Having spent 20 months chasing an elusive Israeli settlement freeze, the Obama administration has now launched a new effort on borders and security whose chances of success are almost as dubious.
Giving up is not an option, but neither is giving in to the illusion that America holds the key to Mideast peace. It doesn’t. Only the Israelis and Palestinians do, and right now neither is invested enough in these talks to allow the effort to succeed. Until they are, there’s likely to be more wheel-spinning than real progress.
The good news is that the administration has finally focused on the right issue: how to get Israelis and Palestinians to the end game. But that’s also the bad news. The gaps on the core issues are wide, and even on the two least hopeless ones — borders and security — there are fundamental divisions.
On paper, the arguments in favor of fast-tracking how to define the borders of a Palestinian state and accompanying security arrangements seem quite compelling. After all, the Israeli-Palestinian conflict has become a trade-off between land and security. And by defining the borders of a future Palestine, the argument goes, you can get at settlements through the back door, identifying how much West Bank land Israel needs to keep for settlement blocks and the extent of territorial swaps to compensate Palestinians.
In the cruel and unforgiving world of Middle Eastern politics, however, these assumptions don’t neatly stand up. First, while borders and security may be the easiest of the final status issues, they are hugely complex. Benjamin Netanyahu isn’t Ehud Barak or Ehud Olmert, whose offers of up to 96% of the West Bank to Yasser Arafat and Mahmoud Abbas, respectively, still weren’t completely acceptable to the Palestinians. And it’s certain that this Israeli government, or even another, won’t improve on that offer.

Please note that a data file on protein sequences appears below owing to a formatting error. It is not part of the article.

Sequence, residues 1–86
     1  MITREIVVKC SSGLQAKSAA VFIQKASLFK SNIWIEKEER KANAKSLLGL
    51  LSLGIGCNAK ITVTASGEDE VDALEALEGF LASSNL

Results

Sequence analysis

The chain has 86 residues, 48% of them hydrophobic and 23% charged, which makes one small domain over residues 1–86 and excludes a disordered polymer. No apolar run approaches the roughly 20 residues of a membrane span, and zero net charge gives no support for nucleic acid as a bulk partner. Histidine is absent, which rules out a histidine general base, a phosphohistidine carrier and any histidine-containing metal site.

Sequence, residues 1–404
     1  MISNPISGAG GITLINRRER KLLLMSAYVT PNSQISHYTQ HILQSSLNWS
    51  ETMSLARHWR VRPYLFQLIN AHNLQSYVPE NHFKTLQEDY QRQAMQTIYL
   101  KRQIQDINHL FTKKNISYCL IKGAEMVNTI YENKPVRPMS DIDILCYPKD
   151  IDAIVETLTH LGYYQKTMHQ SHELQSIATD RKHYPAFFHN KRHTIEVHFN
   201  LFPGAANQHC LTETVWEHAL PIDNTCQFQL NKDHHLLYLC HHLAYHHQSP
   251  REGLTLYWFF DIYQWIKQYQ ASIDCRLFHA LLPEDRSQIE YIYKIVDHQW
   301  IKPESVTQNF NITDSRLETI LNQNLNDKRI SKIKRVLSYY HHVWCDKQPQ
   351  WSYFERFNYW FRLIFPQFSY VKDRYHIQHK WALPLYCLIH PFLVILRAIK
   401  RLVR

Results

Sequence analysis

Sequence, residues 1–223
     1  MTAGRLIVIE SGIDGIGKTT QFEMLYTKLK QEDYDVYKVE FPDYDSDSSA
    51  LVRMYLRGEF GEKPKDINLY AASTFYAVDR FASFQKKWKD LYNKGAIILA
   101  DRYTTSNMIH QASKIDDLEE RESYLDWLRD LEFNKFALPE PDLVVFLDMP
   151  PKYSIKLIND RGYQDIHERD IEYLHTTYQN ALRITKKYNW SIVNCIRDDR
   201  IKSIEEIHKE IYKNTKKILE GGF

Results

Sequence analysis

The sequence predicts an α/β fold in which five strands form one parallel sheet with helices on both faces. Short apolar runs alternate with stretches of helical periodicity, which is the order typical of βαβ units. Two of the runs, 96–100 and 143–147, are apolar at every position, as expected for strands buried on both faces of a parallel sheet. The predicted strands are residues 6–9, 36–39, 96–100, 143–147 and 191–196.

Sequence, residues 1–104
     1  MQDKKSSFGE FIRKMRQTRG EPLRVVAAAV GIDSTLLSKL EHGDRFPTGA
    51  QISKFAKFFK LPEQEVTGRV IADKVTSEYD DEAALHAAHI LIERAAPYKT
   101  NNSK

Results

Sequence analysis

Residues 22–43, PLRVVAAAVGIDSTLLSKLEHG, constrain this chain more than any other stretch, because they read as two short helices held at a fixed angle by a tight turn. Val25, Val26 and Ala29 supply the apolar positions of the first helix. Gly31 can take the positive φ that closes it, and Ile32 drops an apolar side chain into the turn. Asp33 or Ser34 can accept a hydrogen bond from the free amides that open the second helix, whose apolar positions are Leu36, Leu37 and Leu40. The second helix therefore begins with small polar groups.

Then there is the security component, which, over the last 10 years of Palestinian terror, violence and high-trajectory weapons, has become more, not less, complex. It’s true that security in the West Bank has improved markedly, but no Israeli government will agree to surrender the vast majority of it to a Palestinian president who doesn’t control all of the Palestinian guns and rockets. In short, until the Hamas problem is resolved (and nobody has a clue how to do that), it’s hard to imagine how a binding agreement on borders could be reached and approved by Israel’s parliament, let alone implemented.
Nor will Israelis and Palestinians give up their leverage by negotiating sequentially. Israel will not part with land it controls without first seeing where Palestinians are on issues like Jerusalem and refugees. And Palestinians will not give up their refugee card or make concessions on security arrangements without seeing first what they can get from the Israelis on Jerusalem and borders.
Netanyahu has also demanded that Palestinians recognize Israel as the nation-state of the Jewish people, something Abbas will not do easily. If he does agree, it would most likely be at the end of the process and not until the Israelis made some concessions on refugees.